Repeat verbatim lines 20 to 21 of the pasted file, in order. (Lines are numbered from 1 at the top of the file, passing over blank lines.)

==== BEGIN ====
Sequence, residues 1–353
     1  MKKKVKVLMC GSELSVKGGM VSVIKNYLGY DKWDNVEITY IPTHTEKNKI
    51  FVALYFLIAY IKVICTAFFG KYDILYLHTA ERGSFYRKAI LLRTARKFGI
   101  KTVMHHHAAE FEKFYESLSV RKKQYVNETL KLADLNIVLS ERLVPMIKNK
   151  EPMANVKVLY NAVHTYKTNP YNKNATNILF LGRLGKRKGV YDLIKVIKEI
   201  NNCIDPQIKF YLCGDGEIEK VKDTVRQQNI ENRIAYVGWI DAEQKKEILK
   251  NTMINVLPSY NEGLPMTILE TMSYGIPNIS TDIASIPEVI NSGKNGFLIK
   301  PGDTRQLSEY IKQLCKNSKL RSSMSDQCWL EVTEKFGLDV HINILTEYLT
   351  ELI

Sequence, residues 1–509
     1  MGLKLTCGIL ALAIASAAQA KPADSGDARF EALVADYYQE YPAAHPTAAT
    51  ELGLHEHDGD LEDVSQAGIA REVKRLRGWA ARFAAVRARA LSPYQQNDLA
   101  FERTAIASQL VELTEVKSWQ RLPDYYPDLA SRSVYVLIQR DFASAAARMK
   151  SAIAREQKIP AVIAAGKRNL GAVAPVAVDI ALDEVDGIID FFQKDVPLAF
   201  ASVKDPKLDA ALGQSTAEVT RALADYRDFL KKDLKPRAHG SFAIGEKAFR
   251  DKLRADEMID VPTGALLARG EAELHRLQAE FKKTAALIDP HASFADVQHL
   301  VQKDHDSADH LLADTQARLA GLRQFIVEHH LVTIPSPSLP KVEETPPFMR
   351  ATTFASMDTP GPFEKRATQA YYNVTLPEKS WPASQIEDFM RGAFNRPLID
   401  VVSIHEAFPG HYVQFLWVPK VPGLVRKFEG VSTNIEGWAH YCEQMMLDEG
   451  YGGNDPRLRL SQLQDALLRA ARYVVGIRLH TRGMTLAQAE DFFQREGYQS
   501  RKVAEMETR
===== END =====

   451  YGGNDPRLRL SQLQDALLRA ARYVVGIRLH TRGMTLAQAE DFFQREGYQS
   501  RKVAEMETR